But I believe the students could be effective by registering their disappointment clearly. " I'm here to have Dr. Hays for New Testament, " for example. Some professors are sought out because they pass the torch of excellence. ( Of course, we know the pressures to publish that are on them.)

Yes and No

Hi Carol,
I just want to respond to a few points. The first is a general observation. As one who has participated frequently in conversations with other seminaries at venues like ATS, I can state confidently that NO freestanding seminary is adding superfluous administrative costs or positions; all of us are desperately trying to find ways of becoming more nimble and lean--and often that includes cutting from every department down to the bone.

Secondly, the move toward a VP cabinet model grows out of our conversations on shared governance; I'm not actually sure how it serves, even potentially, a power hungry president, since it gathers more voices around the table to share the governance. Further, adding VPs has pretty much NO implications for the budget since these folks are not new positions (admissions, student affairs, continuing education, etc.).

Thirdly, there is not a one-to-one relationship between the number of VPs and the number of graduates for some very good reasons. In our case, for example, we are shifting attention away from our traditional degrees to new certifications and a greatly expanded role for continuing education--toward educating congregations, not pastors in training. A greater percentage of our seminary's resources are going toward diverse and alternative ways of disseminating theological education. Some of these efforts support such things as tent-makers', etc.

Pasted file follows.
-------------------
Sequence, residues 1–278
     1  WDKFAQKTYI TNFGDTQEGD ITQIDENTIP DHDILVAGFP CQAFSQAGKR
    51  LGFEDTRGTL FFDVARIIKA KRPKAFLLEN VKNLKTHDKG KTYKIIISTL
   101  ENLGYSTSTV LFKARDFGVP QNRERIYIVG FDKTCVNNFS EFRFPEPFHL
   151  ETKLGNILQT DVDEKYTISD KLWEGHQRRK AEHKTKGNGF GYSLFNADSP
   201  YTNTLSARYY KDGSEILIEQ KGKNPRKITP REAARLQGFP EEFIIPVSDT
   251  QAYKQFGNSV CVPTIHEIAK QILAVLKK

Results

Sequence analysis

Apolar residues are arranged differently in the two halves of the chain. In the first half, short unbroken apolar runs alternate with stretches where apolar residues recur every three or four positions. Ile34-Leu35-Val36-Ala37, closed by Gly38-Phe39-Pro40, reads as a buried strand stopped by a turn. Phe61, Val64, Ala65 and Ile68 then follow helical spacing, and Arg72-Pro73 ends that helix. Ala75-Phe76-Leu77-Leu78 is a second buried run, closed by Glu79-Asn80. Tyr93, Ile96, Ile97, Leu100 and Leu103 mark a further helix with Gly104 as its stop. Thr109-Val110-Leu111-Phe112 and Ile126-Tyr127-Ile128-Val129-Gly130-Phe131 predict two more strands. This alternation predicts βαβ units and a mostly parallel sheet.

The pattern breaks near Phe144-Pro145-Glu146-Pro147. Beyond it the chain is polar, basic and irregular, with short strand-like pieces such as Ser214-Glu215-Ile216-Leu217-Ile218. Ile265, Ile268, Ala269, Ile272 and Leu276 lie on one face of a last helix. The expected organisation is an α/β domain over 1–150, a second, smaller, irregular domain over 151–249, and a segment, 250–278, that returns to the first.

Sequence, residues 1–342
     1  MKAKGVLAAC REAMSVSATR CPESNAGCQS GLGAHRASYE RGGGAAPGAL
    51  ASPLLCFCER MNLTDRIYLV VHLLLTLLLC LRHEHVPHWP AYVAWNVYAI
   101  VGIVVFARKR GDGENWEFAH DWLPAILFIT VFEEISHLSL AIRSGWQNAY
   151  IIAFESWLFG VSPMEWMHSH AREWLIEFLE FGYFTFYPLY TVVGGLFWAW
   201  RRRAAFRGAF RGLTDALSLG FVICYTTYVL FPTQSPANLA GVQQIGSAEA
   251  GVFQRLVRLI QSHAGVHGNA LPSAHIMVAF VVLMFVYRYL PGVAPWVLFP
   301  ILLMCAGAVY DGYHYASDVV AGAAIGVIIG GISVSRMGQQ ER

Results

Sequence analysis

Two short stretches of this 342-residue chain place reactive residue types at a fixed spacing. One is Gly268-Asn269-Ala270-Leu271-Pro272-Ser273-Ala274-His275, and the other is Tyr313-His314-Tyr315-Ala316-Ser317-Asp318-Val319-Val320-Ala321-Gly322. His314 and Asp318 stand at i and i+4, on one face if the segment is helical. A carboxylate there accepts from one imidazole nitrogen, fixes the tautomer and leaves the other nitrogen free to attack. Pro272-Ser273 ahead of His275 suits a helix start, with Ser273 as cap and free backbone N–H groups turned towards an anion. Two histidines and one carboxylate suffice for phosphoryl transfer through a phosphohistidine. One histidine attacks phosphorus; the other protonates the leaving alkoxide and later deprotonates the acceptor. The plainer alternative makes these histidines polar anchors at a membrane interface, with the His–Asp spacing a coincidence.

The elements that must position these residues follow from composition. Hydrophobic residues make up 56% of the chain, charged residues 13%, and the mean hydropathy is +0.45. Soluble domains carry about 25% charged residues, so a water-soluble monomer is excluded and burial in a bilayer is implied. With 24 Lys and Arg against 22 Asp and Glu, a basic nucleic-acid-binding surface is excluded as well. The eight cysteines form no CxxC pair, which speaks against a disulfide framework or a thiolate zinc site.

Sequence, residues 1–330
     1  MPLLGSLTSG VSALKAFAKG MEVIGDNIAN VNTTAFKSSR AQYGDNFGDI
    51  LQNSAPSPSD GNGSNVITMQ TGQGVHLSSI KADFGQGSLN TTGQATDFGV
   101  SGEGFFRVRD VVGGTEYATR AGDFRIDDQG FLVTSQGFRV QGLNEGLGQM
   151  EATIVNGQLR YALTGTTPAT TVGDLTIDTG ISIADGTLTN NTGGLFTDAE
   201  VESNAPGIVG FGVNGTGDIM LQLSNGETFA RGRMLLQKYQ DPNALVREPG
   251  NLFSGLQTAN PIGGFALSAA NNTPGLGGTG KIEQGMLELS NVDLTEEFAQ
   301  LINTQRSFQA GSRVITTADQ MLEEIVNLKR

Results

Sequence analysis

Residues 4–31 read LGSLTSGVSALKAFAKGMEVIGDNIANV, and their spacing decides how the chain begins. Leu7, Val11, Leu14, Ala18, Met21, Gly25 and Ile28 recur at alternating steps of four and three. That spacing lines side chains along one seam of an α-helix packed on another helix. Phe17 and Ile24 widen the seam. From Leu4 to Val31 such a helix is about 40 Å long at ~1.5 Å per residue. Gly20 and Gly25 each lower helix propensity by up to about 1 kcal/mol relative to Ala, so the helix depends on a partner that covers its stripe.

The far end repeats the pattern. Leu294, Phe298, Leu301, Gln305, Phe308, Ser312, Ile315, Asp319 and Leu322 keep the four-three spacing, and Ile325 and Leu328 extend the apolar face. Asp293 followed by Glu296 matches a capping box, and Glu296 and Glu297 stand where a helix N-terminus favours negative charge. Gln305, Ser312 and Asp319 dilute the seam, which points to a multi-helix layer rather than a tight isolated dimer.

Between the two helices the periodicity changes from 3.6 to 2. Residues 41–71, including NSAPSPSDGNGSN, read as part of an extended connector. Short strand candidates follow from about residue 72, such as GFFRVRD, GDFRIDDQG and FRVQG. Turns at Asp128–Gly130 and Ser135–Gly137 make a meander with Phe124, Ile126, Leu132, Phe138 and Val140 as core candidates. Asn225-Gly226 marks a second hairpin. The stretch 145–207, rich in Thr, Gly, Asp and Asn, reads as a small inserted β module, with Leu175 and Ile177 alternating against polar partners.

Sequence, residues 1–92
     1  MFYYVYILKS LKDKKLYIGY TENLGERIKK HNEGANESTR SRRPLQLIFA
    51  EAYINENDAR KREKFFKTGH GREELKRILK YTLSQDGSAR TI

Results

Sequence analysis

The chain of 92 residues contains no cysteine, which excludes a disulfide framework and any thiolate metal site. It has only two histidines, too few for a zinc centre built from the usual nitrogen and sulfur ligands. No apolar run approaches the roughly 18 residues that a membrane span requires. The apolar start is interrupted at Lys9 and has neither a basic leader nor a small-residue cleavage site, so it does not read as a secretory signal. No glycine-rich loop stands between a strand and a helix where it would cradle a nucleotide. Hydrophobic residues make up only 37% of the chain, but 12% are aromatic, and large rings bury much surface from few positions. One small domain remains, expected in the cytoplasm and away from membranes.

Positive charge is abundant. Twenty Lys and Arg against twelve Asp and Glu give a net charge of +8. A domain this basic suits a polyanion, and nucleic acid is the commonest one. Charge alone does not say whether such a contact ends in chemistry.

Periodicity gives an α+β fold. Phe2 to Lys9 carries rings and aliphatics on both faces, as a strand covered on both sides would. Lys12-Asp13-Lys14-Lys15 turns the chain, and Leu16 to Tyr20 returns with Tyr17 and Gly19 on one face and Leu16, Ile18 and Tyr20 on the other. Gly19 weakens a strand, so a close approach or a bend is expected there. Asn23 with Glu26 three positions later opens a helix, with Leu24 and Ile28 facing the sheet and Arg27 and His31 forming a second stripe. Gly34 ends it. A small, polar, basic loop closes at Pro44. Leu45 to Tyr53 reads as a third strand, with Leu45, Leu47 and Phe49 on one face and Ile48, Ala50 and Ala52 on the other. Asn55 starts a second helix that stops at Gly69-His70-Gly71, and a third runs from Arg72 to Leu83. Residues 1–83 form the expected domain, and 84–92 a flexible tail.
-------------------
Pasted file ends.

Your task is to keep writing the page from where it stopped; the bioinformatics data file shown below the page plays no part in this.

Finally, most of our teaching continues to be done by tenured Ph.D.s, but we are beginning to think about being more creative about especially how we teach practical courses, such as evangelism and missions. We are looking at the model of our sister school at UT Social work who has a two tiered faculty--traditional tenured roles and clinical faculty. This is only partly to do with budget concerns; it is difficult to be as nimble as we need to be when laden with high cost salaries. We have also been listening closely to our critics asking for more practical training. This has nothing to do with gutting ourselves and everything to do with being nimble and responsive to the Church.

I am happy to chat about any of this.

Thanks so much for the reply,

Thanks so much for the reply, David.

Of course, my observations were not pointed directly at APTS. Though it is my seminary, and I love it deeply, I have worked with a number of institutions that are facing these crises. Obviously, we are talking about national numbers... not specific institutions.

More than that, I have many, many friends who are facing appalling job markets and being paid adjunct salaries. It's terrible to watch how much the academy thinks PhD's are worth at the end of the day.

I appreciate you pointing out the widening mission of seminaries. That's very helpful. And I'm thankful for your work!